Bears and bambi

16 07 2009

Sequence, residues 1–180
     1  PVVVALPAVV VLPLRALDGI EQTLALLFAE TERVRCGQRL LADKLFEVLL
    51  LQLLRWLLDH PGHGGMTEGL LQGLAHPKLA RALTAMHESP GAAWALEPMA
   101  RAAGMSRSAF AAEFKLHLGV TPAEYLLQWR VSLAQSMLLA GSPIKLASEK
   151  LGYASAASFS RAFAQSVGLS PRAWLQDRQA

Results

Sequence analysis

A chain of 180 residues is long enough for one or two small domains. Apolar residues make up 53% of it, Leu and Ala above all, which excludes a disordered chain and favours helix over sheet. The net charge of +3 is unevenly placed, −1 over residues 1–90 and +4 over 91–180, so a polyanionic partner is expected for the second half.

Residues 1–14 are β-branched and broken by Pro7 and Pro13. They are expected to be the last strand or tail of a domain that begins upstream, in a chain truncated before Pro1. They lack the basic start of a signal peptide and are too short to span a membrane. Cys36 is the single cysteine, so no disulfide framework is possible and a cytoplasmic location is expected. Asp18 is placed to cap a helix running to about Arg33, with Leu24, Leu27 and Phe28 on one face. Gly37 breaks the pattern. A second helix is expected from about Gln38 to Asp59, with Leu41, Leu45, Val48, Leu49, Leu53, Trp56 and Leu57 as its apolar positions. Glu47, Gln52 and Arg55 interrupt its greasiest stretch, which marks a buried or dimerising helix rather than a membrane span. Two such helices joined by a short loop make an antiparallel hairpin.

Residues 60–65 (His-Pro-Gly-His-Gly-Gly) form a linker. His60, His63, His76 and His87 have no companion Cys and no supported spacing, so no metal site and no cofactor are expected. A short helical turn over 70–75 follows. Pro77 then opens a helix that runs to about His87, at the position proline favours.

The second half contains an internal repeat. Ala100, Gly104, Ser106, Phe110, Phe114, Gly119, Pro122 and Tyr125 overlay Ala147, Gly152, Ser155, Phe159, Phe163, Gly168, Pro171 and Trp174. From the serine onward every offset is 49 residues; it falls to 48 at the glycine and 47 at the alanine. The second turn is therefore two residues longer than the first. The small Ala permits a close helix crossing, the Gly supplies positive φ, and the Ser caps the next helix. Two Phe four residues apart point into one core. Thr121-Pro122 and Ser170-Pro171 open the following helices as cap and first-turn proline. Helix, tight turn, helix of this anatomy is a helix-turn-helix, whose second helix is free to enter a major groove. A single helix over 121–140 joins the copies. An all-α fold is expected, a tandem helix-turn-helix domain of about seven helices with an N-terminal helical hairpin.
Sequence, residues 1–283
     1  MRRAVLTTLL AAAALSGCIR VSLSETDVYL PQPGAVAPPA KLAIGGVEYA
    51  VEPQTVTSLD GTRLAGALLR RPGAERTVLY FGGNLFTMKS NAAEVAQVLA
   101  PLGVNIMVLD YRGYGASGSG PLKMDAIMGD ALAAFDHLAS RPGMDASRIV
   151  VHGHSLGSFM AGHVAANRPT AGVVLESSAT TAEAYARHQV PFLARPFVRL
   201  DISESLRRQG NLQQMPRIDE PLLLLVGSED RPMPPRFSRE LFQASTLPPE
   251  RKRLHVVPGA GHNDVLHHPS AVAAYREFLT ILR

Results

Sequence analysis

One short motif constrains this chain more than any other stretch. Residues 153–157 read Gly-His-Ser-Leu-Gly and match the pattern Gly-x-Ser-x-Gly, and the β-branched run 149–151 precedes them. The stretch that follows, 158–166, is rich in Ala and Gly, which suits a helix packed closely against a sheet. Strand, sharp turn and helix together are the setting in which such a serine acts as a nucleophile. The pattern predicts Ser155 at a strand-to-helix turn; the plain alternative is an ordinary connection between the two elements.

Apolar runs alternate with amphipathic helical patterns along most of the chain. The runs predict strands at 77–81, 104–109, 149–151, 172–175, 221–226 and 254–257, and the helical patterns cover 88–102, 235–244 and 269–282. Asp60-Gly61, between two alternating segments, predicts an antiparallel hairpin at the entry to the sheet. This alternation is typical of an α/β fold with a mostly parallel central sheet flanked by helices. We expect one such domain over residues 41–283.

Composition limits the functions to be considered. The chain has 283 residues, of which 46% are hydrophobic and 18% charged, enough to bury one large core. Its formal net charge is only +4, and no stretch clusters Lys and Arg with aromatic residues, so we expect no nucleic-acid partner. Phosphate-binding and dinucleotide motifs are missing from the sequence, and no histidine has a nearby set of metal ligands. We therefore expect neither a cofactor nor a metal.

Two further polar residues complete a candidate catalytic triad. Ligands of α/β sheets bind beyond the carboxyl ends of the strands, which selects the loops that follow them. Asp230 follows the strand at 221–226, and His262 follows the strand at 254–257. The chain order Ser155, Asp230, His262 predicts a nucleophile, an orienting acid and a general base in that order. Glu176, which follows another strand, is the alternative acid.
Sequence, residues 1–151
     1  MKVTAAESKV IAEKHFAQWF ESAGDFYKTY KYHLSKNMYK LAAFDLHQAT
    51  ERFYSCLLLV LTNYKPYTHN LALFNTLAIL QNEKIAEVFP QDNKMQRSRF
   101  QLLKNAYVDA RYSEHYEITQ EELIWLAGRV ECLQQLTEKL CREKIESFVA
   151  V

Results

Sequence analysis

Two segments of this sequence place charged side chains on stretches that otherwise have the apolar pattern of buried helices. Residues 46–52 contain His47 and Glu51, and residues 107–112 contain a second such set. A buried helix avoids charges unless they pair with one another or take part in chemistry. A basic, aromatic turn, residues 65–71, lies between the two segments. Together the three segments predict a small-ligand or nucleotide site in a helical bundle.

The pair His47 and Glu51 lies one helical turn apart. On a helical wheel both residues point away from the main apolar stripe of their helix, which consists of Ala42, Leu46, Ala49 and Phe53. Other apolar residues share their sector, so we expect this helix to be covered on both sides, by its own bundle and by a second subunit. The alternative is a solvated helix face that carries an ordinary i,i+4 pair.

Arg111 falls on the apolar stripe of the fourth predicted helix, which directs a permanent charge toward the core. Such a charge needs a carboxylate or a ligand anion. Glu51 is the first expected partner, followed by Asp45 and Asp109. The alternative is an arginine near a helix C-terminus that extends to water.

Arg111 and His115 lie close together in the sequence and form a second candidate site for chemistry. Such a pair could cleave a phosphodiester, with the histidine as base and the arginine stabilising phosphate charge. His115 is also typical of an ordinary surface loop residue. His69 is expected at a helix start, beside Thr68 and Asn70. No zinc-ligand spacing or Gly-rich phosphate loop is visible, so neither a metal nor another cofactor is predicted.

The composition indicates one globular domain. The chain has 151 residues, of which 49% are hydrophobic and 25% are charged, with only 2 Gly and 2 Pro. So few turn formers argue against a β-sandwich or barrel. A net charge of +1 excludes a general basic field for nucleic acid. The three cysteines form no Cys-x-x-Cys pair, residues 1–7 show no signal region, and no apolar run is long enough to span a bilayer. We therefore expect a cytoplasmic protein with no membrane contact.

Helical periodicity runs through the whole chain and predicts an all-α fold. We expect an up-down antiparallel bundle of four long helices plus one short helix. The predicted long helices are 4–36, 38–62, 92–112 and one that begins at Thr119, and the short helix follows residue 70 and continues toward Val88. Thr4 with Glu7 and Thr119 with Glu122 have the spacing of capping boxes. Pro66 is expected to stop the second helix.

Well, Dear World, It was a day to remember.I took my morning Java out to the verandah to greet the day, smell the air and listen to the birds. It was a morning in paradise. Even in the space of time between the beginning and the end of the last post ‘Gapping Out’ the dandelions yellow insurrection has lofted airborne and disappeared for another year in a mass parachute exit. It was a truly lovely visit from dear friends. In their place the forget–me-nots have taken centre stage along with the deeper blue of the periwinkle; and now the false nettle with it’s variegated leaves and bright blue pennants amongst the long grass’ green shag. (Yes mister pedant grammarian. A fragment!) I looked it up to find it’s botanical name but couldn’t find it. But what wonderful names flowers have! Pale trumpets, purple ground-cherry, baby blue–eyes, etc) A greeting party of exquisite swallow-tail butterflies loops erratically around the lilac which is now filling the morning air with the most sensuous perfume as the sunshine floods in. I stood and watched them for twenty minutes or so. It was an incredible  display. They would land on a blossom and plunge their proboses into it. Immediately after, as though hit by crystal meth they engaged in multiple tag like a bunch of kids. Watching butterflies looping flight I had always thought of their erratic  movements as some kind of genetic tick that had fortuitously   helped them avoid birds. But when you see three or four of them whipping through the air like a kites tail in a high wind you realize that they are in full control. It is an astonishing sight. For awhile they loop around and then break formation  to splurge on nectar again.They must be so high!. The day is filled with the buzzing of the  bumble bee’s promiscuous fumbling amongst the crabapple’s pink underwear.A little later as I sip my  coffee a doe walks confidently  between the plumb trees heading for my tree-nursery space . I address her gently, “Good morning!My Dear” I explain that I don’t want her pruning my tender little tree seedlings, thanks very much. She stops and turns her great eyes on me . The morning light glows through her ears as she listens, chewing a plum leaf, a long stalk of grass sticking out of her mouth, before ambling slowly away. A beautiful and gracious soul. I think she is pregnant. I go inside for a second cup and  curl up with it in my little breakfast bay. A dark form takes my attention. A large black bear is padding silently past about two feet away. He passes  on the other side of the window. I put down my cup and run to the door. I know this guy. Even as a two year old he was  indifferent to people and wandered towards humans to check out my fruit trees with a nonchalance that brings to mind an image of Mike Tyson passing through a cluster of adolescent males. And I would happily share a bit of fruit with him except that his idea of ‘a little fruit’ is fifty pounds of green apples at a sitting—long before I can eat them, and the same with the plums. And worse, he disdains climbing the trees ( at which he is very agile ) and instead prefers to snap off all the branches one super-bear-swipe at a time. Furthermore he begins his larceny at 3 am, as I used to as a young poacher. Which is unfair. So he has become ‘persona-non-grata’ meaning that I shout at him, put up electric fences, set alarms and even fire rock-salt at his black hide the way the  King’s gamekeepers used to fire it at me when I was a rogue teenager in  merry Olde England. So I went outside and shouted at him. He turned and surveyed me scornfully and walked insolently away, stopping to snuffle in the grass for the odd insect, frog or root. He was in no hurry and I wanted a little more respect, I guess, so I jumped into my Old Blue Toyota pickup and rode it at him across the meadow. This did impress him a little, as it would me, and at the end of the meadow he shinnied up a cedar for about ten feet and then surveyed me. The next moment he jumped sideways like a squirrel from a hanging-on position on the branchless cedar trunk onto another cedar about five feet away. Bears never cease to amaze me even when we don’t understand one another.That was the beginning of the day. I had shopping to do and set out for the nearby town about 45 minutes away. There I delivered some of my books, and received a parking ticket for $50, and caught a thief after he broke into my car and wrenched out my ashtray for the small change. I suppose I was disrespectful of the poor wretched man and admonished him. I always give to people who ask me for money and I guess I felt he had stolen my opportunity to be generous, though, of course, it isn’t generosity the panhandlers want and need. It is equality. I then collected a notification from the Taxation Assessment Authority telling me that they intended to try to tax me off my land because I wasn’t a successful enough farmer. At that point I decided that I had had enough of the hot grabby city and jumped into my little red ‘89 Tercel back to the woods. Remember that song from the fifties.. “ Bumble, bumble, bumble I don’t wanna leave the jungle , oh no no no! NO….?” I’m out of here! Cities are full of nibblers forcing us into unselected labour. “AAAAarrrrgh! Home, James! And don’t spare the horses!”